Because we are using the Closed event handler in the subclass, we need to add it again using the Event Definition option (keeping the same name, number of parameters and returned type). This way the instances based on this subclass will be able to add that event too.

Repeat the same steps to add a new MyWebSearchField class whose Super is set to WebSearchField.

 

The code associated with the Constructor method for the MyWebSearchField is as follows:

Super.Constructor
If globalInstance = Nil Then globalInstance = New Dictionary
If Session <> Nil Then
  Var instances() As MyWebSearchField
  If globalInstance.HasKey(Session) Then
    instances = globalInstance.Value(Session)
  End If
  instances.add Me
  instanceNumber = instances.lastindex  
  globalInstance.Value(Session) = instances
End If

And the code associated with the Closed Event Handler should be this one:

If Session <> Nil Then
  If globalInstance.HasKey(Session) Then
    Var instances() As MyWebSearchField = globalInstance.Value(Session)
    instances.Remove(Me.instanceNumber)
    For n As Integer = Me.instanceNumber To instances.LastIndex
      instances(n).instanceNumber = instances(n).instanceNumber-1
    Next
    globalInstance.Value(Session) = instances
  End If
End If

With both both classes created, add them to a WebDialog instance (the one we named WebDialog1). Then, include the following line of code in the Shown event handler for each of these instances:

In the case of the ListBox1 instance:

Me.ExecuteJavascript("document.getElementsByClassName(""dataTables_scrollHeadInner"")["+me.instanceNumber.tostring+"].style.backgroundColor='#f00';") // This will set the listbox header background color to Red

Of course, you can improve this by accepting a variable color reference string instead of using the constant red value here (“#f00”).

And for the SearchField1 instance:

Me.ExecuteJavascript("document.getElementsByClassName(""input-group-append"")["+me.instanceNumber.toString+"].style.backgroundColor='#fff';") // This will set the "loupe" icon background color to White

Now, we need to make sure that both the WebListbox and the WebSearchField instances are reset when we are done, something we can do by calling their Close method from the Dismissed event handler added to the WebDialog1 instance in the project:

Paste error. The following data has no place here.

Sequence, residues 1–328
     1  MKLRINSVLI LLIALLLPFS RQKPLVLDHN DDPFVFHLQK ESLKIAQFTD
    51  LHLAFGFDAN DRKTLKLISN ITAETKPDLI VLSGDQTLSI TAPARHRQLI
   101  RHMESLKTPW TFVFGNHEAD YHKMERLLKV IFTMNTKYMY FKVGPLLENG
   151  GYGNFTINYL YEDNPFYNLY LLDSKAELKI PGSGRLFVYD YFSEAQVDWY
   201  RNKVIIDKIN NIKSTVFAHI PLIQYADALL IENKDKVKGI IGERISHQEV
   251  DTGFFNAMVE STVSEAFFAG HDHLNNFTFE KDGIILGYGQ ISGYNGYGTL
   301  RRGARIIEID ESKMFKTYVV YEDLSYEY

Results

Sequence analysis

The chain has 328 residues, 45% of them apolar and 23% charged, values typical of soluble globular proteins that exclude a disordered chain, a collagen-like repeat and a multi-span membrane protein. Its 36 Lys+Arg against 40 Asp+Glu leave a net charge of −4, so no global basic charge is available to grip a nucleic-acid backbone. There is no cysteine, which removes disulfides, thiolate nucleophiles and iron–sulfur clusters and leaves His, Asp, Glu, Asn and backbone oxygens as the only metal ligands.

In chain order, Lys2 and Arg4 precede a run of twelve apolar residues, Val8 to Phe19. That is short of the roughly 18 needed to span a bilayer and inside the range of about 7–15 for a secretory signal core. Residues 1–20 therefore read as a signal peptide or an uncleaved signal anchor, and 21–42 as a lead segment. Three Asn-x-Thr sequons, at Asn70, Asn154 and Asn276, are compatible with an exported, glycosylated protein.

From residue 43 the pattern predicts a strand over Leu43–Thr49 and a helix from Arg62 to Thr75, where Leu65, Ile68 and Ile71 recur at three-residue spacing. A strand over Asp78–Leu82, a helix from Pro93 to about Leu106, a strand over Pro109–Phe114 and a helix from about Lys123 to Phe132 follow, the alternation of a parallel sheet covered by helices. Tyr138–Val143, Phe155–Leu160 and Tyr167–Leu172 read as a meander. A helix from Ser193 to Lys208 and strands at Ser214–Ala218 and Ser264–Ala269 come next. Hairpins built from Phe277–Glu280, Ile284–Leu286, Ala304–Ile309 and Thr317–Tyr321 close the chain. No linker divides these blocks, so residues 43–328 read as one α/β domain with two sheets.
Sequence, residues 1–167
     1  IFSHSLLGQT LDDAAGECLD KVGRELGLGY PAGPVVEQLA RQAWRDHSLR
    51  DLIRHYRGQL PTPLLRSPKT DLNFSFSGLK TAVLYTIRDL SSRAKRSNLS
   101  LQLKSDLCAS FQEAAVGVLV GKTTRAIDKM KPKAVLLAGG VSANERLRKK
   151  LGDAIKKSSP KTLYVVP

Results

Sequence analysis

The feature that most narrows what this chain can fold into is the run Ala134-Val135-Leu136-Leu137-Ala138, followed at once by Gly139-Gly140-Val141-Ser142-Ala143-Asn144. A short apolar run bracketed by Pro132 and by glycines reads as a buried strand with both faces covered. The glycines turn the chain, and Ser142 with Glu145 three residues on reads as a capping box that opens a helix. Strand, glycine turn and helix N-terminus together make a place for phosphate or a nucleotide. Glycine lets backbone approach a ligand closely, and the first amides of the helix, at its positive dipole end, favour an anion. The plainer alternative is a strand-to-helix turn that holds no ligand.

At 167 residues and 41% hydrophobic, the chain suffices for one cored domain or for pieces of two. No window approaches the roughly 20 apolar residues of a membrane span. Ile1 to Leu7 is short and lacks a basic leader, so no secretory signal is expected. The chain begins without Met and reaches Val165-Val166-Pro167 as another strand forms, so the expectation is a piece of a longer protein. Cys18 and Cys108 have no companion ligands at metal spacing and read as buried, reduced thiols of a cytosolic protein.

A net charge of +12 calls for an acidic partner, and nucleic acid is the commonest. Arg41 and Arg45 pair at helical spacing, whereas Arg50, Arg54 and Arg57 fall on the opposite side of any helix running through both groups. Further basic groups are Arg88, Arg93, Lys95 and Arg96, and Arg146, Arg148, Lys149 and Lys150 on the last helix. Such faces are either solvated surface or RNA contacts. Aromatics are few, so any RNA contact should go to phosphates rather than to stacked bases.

Run the example project and you’ll see how the first ListBox instance (on the WebPage1 page) keeps the header color as transparent (white, because the page background color is white), while the second one displayed by the WebDialog is set to red. Also, the SearchField control displays the loupe icon with a white background color.

Bonus Tip

Once you know the mechanics of how to access the proper ID and set the background on the WebDialog, it is easy to set an image as the background instead of a color. For example, this line of code in the Shown event of the WebDialog1 instance will load the Xojo logo as the background image:

Me.ModalBackgroundImage = "https://www.xojo.com/assets/img/logo.png"

ModalBackgroundImage is another method added to the WebTools module using the following signature:

  • Method Name: ModalBackgroundImage
  • Parameters: Extends v as WebDialog, Assigns url As String

Add the following associated code:

Var s As String = "document.getElementById('" + _
v.ControlID + "_body').style.backgroundImage=""url('"+url+"')"";"

v.ExecuteJavascript(s)

Now that you have the basics down, you can go even further and set other background attributes such as not repeating the image, setting the image size and more.

Questions? Ask me on Twitter @XojoES or on the Xojo Forum.